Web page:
Just how many chickens is a fighter jet worth?
Thai economists are currently trying to work out the answer as the government is hoping to barter chickens and rice to pay for everything from military aircraft to subway trains. When Thai Prime Minister Thaksin Shinawatra opened the bidding on Thursday for Thailand's 1.7-trillion-baht (US$44 billion) public works program, he said thst his government was interested in alternative "financing mechanisms" -- namely, bartering.
The highlight of the new projects is an expansion of Bangkok's public transport system, expected to cost some 550 billion baht. The defense ministry also wants to barter for the purchase of fighter jets it is considering to buy from Russia, Sweden or the US.
Thaksin's government believes that bartering for such big-ticket items would help keep the country's foreign debt ratio below 50 percent of GDP.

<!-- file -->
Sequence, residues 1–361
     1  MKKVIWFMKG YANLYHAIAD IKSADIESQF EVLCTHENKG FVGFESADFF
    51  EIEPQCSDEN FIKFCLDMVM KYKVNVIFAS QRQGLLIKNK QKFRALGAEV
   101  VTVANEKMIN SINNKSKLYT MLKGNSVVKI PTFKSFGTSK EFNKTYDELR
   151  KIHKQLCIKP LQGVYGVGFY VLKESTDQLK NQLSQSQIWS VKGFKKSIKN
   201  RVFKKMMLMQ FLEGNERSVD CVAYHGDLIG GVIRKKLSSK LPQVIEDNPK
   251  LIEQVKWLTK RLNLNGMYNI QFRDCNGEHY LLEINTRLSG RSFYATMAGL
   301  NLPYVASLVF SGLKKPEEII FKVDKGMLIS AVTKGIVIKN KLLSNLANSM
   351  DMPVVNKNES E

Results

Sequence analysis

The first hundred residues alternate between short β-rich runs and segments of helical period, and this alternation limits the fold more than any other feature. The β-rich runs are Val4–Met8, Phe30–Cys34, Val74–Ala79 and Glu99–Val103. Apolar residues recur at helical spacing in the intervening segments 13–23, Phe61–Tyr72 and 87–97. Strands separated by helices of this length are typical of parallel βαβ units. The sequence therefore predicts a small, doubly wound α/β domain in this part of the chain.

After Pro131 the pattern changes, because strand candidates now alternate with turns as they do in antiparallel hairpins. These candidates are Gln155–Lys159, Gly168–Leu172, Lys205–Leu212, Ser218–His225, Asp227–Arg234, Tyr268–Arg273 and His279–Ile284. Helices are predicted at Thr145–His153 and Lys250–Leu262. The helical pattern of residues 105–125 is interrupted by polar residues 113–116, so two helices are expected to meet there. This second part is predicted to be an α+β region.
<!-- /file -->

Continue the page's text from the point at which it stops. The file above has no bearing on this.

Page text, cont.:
The scheme envisions trading farm goods already in government stocks, such as surplus rice, instead of using cash for at least part of the payment to foreign companies.
To that end, a special barter trade committee has been created in the Commerce Ministry to assess the bids for the public works projects and negotiate how much chicken, rice or tapioca could be used to finance the deal.
"When they say they've settled on ... the barter trade, the committee will make the decision which commodity they will use for barter," Tikhunporn Natvar of the ministry's department of foreign trade said.
Nazir Rizk, who heads the Thai subsidiary of French engineering conglomerate Alstom, said he doubted that barter was the most attractive payment option for foreign companies.
"It is one solution, but ... how you put it in place remains unclear ... A company like us, we don't do barter, we sell trains. We cannot sell chickens," he said.
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